Championship Series NL Game 3: STL vs. SF, AL Game 3: BAL vs. KC — A walk-off error & a Moose

After the rainy day in the Midwest (and a good portion of South and Southeast), both the NLCS and the ALCS are now on parallel schedules, playing their respective Game 3’s today. And honestly, the teams that I think most people thought would win did. Though neither opponent was willing to let them do so with much ease. But I guess that’s what makes a game most interesting. I’ve said before that I prefer a well-fought game than a blow-out. Sticking with this mantra, this postseason fits firmly in that category.

In San Francisco, both the Cardinals and the Giants were looking to break up the series tie and jump back in control of the NLCS. But alas, only one team can succeed (because this isn’t soccer or hockey, and the lights in the stadiums allow for no more tie games). Initially, the Giants jumped ahead quickly in the 1st inning after getting 2 outs. Back-to-back singles, an RBI double, loaded bases, and then a 2-RBI double put the Giants on top 4-0 before the Cardinals got out of the 1st inning.

So the Giants spent the next 9 innings defending their early lead, and the Cards did everything in their power to chip away at it. And so they did. The Giants pitching staff kept the Cards rather discouraged, but they grabbed at whatever runs they could scrape together. In the 4th, a 2-out triple scored 2 runs, and an RBI single in the 6th put them within 1 run. But it would be the solo home run in the 7th that would tie up the game and eventually push the game into extra innings. Someone needed to breakthrough.

It would be the Giants in the bottom of the 10th. With no outs, the lead-off batter walked, and then next one singled. It was looking up for the fans bundled up in orange and black by the bay. So the next batter squared up to bunt, which dribbled up to the pitcher; he picked it up the ball and threw it to the 1st baseman. Except he must have thought the 1st baseman had longer arms as the ball sailed just past the glove of the infielder as the runner at 2nd just kept going and scored the walk-off run easily. A walk-off throwing error. And the Giants jumped ahead.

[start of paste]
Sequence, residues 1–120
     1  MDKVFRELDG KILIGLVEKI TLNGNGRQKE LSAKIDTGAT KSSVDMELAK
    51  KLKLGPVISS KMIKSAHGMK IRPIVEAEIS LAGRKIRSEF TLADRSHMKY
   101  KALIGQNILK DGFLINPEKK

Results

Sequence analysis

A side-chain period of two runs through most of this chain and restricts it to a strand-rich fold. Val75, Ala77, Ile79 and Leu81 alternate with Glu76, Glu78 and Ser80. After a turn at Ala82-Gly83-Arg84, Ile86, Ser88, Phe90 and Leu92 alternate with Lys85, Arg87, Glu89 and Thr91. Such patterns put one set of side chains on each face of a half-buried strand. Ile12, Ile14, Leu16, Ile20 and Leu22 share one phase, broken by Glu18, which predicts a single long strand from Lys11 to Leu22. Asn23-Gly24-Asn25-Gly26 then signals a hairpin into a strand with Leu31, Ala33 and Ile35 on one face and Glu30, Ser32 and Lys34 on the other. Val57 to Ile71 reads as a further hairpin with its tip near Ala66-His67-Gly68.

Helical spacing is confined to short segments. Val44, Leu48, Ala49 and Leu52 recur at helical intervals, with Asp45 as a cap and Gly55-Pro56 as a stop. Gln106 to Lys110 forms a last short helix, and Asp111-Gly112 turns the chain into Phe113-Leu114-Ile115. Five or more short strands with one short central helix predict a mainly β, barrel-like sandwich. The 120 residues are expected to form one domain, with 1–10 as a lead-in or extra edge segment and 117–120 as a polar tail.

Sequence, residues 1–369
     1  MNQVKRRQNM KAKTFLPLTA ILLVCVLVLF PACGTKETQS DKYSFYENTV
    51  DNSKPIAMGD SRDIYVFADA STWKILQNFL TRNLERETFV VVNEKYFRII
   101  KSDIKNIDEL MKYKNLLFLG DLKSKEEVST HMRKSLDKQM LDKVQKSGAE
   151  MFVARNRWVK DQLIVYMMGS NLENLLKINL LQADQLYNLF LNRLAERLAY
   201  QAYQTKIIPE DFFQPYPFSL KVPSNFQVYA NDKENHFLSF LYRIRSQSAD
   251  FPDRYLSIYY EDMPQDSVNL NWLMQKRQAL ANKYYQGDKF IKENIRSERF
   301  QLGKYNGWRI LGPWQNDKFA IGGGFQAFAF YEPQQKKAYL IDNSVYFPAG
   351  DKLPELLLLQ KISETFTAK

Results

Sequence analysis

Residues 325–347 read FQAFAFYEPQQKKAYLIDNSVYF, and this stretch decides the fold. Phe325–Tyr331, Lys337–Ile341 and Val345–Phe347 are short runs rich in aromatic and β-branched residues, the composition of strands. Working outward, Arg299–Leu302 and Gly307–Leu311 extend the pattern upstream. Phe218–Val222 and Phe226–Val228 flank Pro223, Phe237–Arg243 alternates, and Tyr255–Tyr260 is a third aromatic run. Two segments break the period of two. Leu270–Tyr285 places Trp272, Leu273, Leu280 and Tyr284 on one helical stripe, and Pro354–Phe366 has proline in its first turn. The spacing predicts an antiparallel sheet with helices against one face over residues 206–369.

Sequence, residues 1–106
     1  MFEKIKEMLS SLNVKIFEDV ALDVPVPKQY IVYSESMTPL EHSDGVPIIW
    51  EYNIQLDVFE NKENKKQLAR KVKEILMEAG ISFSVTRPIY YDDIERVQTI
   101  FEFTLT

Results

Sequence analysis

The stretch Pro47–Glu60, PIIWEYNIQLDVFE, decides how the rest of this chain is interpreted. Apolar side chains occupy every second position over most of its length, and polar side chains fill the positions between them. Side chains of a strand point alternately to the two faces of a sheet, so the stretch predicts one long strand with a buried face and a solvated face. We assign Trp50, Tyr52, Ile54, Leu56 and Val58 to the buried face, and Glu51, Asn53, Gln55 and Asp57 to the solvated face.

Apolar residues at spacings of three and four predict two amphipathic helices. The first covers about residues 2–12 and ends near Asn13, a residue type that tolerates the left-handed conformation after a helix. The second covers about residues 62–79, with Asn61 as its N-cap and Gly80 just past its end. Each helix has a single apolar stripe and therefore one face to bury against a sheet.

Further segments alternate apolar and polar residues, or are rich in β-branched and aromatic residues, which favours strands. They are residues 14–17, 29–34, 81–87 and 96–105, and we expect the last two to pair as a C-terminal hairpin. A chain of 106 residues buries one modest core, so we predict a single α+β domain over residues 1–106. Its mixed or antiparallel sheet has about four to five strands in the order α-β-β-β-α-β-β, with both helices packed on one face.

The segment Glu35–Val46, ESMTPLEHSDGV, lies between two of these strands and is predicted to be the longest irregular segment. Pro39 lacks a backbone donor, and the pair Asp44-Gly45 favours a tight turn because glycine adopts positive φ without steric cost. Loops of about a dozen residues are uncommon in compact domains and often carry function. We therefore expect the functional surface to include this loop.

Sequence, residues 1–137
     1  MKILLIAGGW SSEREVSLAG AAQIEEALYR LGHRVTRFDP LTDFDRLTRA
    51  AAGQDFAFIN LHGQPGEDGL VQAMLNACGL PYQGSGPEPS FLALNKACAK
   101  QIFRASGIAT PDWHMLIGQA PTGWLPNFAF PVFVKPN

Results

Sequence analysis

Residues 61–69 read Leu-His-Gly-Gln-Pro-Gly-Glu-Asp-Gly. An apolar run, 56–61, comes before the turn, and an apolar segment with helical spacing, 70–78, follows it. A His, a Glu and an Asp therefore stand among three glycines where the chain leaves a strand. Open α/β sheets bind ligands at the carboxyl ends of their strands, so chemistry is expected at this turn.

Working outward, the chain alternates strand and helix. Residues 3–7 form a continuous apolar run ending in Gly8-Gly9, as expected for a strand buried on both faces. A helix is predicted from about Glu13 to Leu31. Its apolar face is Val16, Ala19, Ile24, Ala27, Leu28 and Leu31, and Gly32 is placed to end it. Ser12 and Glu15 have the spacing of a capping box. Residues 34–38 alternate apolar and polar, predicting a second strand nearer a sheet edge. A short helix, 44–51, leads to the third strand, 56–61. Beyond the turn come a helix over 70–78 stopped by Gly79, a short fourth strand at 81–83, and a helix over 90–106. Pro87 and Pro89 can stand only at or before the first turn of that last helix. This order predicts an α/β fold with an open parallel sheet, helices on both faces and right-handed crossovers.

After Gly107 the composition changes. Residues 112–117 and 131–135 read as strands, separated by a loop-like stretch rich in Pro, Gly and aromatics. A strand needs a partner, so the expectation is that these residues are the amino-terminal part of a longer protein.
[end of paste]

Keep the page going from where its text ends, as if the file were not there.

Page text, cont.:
NLCS Game 3: Giants over Cardinals 5-4, Giants lead series 2-1

And then, baseball focused itself to the new “Windy City” (still in the Midwest but about 8 hours southwest) — Kansas City (seriously, winds were almost 20 mph). The Royals were looking to continue powering through this October with their unexpected tenacity and grit to just win. And that they did.

The Orioles’ back-to-back doubles scored their lone run of the game in the 2nd inning. And then the Royals tied it up in the 4th with an RBI ground out, before scoring their winning run in the 6th on a sacrifice fly. Both teams threatened periodically, but neither could add to their scores. It would be enough for the Royals to continue their postseason winning streak (and earning comparisons to the 2007 Rockies).

But really, the talk of the game was the Royals’ 3rd baseman Moustakas (affectionately cheered on as “Moose”), who made far too many amazing and highlight reel worthy defensive plays. He is also the reason that the Royals are more consistent offensively over their postseason opponent. And he is their #9 batter in the roster, a spot usually reserved the weakest batter in your roster. Well, that makes sense. I mean, things must be upside down in the world if the best team in October is Kansas City and their best player is the #9 hitter.

Okay.

ALCS Game 3: Royals over Orioles 2-1, Royals lead series 3-0

And for “This Day in Yankee History”… on this day in 1964, one Joe Girardi was born. That’s right. A very happy 50th birthday to the Yankees manager! While the Girardis were welcoming their newest addition (and future Yankee player and manager) 50 years ago, the 1964 Yankees were battling the St. Louis Cardinals in St. Louis for the World Series in Game 6. They would win Game 6 (8-3) to tie up the Series, but fall the next night to the Cardinals to lose the Series and manager Yogi Berra would be fired for the first time in his torrential managerial career.

Happy Birthday, Joe!

Go Yankees!

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